Pū Rākau Atua


Ko Hineteiwaiwa e atua mō ngā wāhine, te whakawhānau tamariki, me te whare pora. Hineteiwaiwa is celebrated as the goddess of woven arts. She symbolizes creativity and expertise in crafting these taonga, highlighting the significance of weaving in Māori culture. The first child of Hinetītama and Tāne Mahuta, Hineteiwaiwa is also seen as an example for Māori women and the caretaker of childbirth.

Ko Hine-tītama te atua o te ata hāpara. Hine-tītama is a special goddess of the morning light. One day, Hine-tītama discovered something very surprising. She realized that her husband, Tāne Mahuta, was also her father. Feeling sad and confused, she chose to go to Te Pō, where she transformed into Hine-nui-te-Pō. In this place, she looks after those who have passed on.

Hine-te-Uira is the daughter of Tāne Mahuta and Hineahuone. She represents the personification of lightning and the supernatural forces connected to it. Lightning and thunder were perceived as expressions of ngā atua ki roto i te te taiao. The expression Te ahi tipua a Hine-te-uira is a saying denoting the fire Hine-te-Uira carries.

Ko Hineraukatauri te atua o ngā taonga puoro. Ko ia te kaitiaki o te kōauau me ētahi atu taonga e rite ana ki te kōauau. Hineraukatauri is a Māori deity associated with music and te whare tapere. Hineraukatauri loved her pūtōrino so much that she transformed herself into a moth, and her pūtōrino became her cocoon.

Ko Niwareka te mokopuna a Hinenuitepō rāua Ko Rūaumoko. A Tūhere from Rarohenga, she is connected to Māori stories about the origins of tā moko (tattooing) and weaving. In one important story, Niwareka creates a cloak called Te Rangi Haupapa which goes on to provide the pattern for weaving in Te Ao Tūroa. It is said that the pattern on this cloak was created by Hine-Rau-Whārangi, the daughter of Hine Tītama and Tāne Mahuta.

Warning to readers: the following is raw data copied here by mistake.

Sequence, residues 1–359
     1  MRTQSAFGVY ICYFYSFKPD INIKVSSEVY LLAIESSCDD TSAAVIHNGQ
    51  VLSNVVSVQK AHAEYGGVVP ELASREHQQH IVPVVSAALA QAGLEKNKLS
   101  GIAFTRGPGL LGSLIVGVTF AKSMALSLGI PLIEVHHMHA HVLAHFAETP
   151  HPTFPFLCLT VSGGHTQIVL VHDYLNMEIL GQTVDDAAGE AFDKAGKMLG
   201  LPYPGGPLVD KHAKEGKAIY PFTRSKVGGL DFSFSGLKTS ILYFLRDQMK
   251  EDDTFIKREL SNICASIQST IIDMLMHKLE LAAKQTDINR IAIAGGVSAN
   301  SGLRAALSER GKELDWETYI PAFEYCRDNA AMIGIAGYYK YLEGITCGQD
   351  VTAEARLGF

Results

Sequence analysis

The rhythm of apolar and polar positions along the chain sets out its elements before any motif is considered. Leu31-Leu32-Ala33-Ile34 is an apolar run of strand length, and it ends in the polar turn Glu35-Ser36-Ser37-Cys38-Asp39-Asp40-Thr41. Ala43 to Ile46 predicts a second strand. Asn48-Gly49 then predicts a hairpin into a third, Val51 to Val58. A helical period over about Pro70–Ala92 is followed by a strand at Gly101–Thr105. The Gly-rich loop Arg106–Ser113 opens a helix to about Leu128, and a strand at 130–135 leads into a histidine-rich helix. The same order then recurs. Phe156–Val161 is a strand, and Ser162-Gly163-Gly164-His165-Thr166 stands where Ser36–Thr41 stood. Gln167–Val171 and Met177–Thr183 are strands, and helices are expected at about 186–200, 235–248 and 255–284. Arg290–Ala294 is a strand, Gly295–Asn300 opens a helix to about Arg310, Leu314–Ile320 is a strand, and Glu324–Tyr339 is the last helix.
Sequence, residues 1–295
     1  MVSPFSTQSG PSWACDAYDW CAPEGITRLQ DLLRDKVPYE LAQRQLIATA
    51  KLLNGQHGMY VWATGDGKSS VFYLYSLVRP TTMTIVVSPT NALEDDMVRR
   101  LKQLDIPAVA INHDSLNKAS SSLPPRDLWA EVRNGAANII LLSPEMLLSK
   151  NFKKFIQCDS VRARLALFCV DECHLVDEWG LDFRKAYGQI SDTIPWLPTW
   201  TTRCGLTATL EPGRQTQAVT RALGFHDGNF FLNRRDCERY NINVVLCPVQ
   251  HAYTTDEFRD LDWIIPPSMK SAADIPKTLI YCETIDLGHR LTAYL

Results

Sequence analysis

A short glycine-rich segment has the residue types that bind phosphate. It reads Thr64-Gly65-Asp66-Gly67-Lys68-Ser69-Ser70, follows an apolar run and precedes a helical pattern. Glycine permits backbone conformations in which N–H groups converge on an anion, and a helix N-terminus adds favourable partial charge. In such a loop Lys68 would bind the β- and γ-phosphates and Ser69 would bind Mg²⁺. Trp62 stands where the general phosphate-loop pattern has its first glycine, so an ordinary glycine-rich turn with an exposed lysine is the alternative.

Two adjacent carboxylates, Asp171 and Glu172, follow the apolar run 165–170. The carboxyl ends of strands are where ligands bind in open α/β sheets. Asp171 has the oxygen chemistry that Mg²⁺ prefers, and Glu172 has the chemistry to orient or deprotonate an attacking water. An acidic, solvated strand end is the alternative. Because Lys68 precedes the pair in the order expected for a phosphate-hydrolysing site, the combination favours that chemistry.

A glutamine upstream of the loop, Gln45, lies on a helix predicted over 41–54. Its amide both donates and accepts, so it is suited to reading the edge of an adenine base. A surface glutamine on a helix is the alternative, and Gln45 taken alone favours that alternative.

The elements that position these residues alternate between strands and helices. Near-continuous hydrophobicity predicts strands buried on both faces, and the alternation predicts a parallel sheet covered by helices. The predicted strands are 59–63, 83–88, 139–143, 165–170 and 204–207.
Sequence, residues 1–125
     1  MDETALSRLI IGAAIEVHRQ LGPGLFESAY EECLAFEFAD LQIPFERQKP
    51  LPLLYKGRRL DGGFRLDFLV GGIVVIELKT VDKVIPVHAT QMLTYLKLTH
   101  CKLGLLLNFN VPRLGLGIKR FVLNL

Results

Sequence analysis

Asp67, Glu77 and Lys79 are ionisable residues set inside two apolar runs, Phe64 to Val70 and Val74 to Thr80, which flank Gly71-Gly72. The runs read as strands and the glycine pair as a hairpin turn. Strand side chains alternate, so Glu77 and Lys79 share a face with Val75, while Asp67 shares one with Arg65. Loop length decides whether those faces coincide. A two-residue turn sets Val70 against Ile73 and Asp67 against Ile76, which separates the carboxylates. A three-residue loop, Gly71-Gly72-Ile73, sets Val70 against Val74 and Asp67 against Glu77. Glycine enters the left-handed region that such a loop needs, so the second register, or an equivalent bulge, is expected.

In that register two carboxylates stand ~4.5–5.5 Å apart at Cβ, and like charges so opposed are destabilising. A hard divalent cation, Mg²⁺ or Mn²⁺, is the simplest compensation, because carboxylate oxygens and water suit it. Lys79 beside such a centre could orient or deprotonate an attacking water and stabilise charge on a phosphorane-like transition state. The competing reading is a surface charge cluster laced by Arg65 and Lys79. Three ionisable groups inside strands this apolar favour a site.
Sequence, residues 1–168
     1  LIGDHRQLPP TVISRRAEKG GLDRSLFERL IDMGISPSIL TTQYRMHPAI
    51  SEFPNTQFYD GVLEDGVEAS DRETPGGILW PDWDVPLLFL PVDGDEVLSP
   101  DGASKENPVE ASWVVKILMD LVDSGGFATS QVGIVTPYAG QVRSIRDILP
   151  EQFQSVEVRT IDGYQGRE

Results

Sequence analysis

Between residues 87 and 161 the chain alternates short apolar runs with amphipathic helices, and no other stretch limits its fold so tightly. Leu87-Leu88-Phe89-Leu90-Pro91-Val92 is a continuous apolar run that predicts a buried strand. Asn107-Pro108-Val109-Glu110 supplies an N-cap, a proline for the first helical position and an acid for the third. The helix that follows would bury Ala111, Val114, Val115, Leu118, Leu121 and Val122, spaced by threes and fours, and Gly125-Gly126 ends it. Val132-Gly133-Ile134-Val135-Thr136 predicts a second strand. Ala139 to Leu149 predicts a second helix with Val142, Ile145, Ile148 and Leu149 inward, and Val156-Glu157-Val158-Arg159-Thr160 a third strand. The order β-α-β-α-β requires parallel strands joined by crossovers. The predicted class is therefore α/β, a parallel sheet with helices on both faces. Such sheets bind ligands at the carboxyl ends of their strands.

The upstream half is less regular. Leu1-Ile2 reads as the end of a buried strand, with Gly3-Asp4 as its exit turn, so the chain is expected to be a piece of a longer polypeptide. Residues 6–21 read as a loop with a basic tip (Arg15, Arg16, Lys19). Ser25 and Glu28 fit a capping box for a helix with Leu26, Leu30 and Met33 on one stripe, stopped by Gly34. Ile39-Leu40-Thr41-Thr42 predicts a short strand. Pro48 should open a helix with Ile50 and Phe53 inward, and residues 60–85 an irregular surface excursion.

Hineahuone is the first woman. She was created by the god Tāne Mahuta, who gathered red clay, shaped it into a female figure, and breathed life into her. This story symbolizes the close connection between humans and the natural world, underlining our origins in the earth and our relationship with the environment and the gods.

Ko Tāne Mahuta te atua o te ngahere me ngā oranga o roto. Tāne's special place is in the forest, where he watches over the plants and animals. He's considered the guardian of these natural spaces and embodies the Māori belief in the deep connection between humans and the natural world. He played a vital role in separating his parents, who were initially entwined, bringing light to the world.

Ko Tāwhirimatea te atua o te hau me ngā āwhā. Tāwhirimatea opposed the separation of his parents because he considered it a disturbance to the natural order and balance of the world. He then withdrew to the realm of winds and rain, where he governs storms and weather-related events.

Ko Rongomātāne te atua o te kūmara me ngā kai whakatō. Rongomātāne is often associated with cultivated crops, especially the kūmara (sweet potato), and is considered a god of agriculture and cultivation. Rongo is also associated with the concept of peace

Ko Whiro te pūtake o te kino o te ao. In Te Ao Māori Whiro is often associated with darkness, chaos, and malevolence. However, there is a common misconception that Whiro is the god of evil. It's important to understand that the concept of good and evil in Māori mythology is not as straightforward as it is in some other religious or mythological systems. Instead, Māori cosmology emphasizes balance and duality, where light and darkness, creation and destruction, are both essential components of Te Ao Mārama.

Ko Tūmatauenga te atua o ngā pakanga me ngā tāngata. Tūmatauenga is associated with warfare, conflict, and human endeavors, particularly those that require strength, courage, and determination. It Tū who stood in defiance as his brother Tāwhirimātea lashed out at his siblings for separating Ranginui and Papatūānuku.

Ko Tangaroa te atua o te moana, ngā awa, ngā roto me te oranga o roto. He is the god of the sea, lakes and rivers and the creature that live in them. His influence extends not only to the sea but also to activities like fishing, navigation, and carving, especially when it involves working with materials from the sea.